How to Cook Up Sizzling, Enticing Titles

How to Cook Up Sizzling, Enticing Titles

Guest article by Joan Stewart

Ask anyone writing a book to name the most perplexing decision they have to make—the one thing that can propel the book to the bestseller’s list, or send it on a quick trip to the remainder table. Many will tell you it’s the title.

OK then. Assuming the title is a grabber and prompts someone to pick up the book, what’s the next most important element that determines whether people buy, browse or bolt? Interesting chapter headings, of course.

In Internet discussion groups and during workshops for authors, many writers throw out dull, limp, convoluted book titles for critique, only to be advised that there’s a better one right around the corner.

Here are several techniques for coming up with enticing titles.

* The next time you’re waiting in line at the supermarket, or you’re visiting your favorite bookstore, scan the covers of magazines. Compile a list of clever titles that capture your attention, even if the articles have nothing to do with your book. Sometimes you can substitute one or two words to come up with a title that’s a perfect fit for your topic.
* Name the three biggest problems your book helps readers solve. You’ve just come up with three more possible titles or chapter headings.
* Write them down and let them ferment, then experiment with an unusual play on words.
* Brainstorm ideas with your friends. Give them three possibilities and ask them to choose their favorite.
* Scan titles and chapter headings in other books. Borrow a word here, a clever turn of phrase there. Keep massaging the title until you come up with something you like-and most importantly, something that others like.
* Some of the most successful titles are those that answer the reader’s question “What’s in it for me?” or “Why should I care?” People want books that will inspire, educate, calm, enlighten, humor and entertain. Choose a title that answers those two questions, and you’re well on your way.
* If you’re writing an advice book, the title can explain outcomes and the timetable for achieving them. Example: “25 things you can do this week to save thousands next year.”

Here are some ideas to get you started. All of the following titles, by the way, were “borrowed” from the covers of popular magazines.

A Part-Timer’s ______________ for a Full-Timer’s ______________
Bouncing Back from _____________
Cash in on _______________ Trends
Cool Tools for Today’s ______________
Common Errors That Kill ______________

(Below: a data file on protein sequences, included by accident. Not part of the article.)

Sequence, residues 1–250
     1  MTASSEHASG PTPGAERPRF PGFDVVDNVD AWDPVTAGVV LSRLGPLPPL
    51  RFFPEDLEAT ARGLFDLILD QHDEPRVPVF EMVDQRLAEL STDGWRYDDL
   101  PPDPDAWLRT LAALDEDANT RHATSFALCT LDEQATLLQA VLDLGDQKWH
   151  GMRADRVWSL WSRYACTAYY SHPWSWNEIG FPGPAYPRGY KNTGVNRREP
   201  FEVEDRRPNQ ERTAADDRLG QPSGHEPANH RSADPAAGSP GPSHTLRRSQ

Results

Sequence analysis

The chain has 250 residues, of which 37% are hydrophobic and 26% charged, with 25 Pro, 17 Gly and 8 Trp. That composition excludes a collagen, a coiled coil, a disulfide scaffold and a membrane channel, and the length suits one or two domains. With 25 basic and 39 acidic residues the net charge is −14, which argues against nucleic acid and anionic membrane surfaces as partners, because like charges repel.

Discover the 7 Essential Elements That Guarantee ______________
Finding the ______________That is Uniquely You
How to Get Other People to ______________
How to Handle ______________
How to Make ______________ Work for You
How to Make Your ______________ Dreams Come True
How to Turn ______________ into ______________
Mastering the Art of ______________
No More ______________
Part-Time ______________, Full-Time Success
Secrets of a ___________________
Straight Talk from a ______________
The Great _____________ Dilemma
The Most Beginner-Friendly ______________
The Best and Worst Ideas for ______________
The Complete Guide to ______________
The Worst Mistakes You Can Make When_____________ ______________
Time-Tested Tips for Becoming a ______________
Top 10 ______________ Do’s and Don’ts
What ________________ Doesn’t Want You to Know
When to ________ and When Not to ______________
Your Must-Know Guide to ______________
_________________ with Pizzazz!
_________________and Grow Rich
______________ on the Cheap
15 Ways to Get More from Your ______________
18 No-Fail Strategies for ______________
21 Secrets to Successful ______________
27 Ways to Keep Your ______________ Dreams Alive
32 Ways to Avoid the Worst ______________ Mistakes
41 Formulas for Fantastic ______________
10 User-Friendly Facts for ______________
11 Questions You Must Ask When You’re ______________
12 Tactics to Open Up ______________
13 Tips That Will Make a _______________ Smile

About Joan Stewart

Joan Stewart, a consultant and professional speaker, works with companies, nonprofits and government agencies that want to capitalize on free publicity. She also publishes the print newsletter The Publicity Hound, featuring tips, tricks and tools for free (or really cheap) publicity. For a free sample, send a check for $6 payable to The Publicity Hound to 3930 Highway O, Saukville, WI 53080. More tips are at her Web site at http://www.publicityhound.com

Contact her at jstewart@publicityhound.com.

By |2018-03-29T11:09:43+00:00May 8, 2007|Writing|Comments Off on How to Cook Up Sizzling, Enticing Titles

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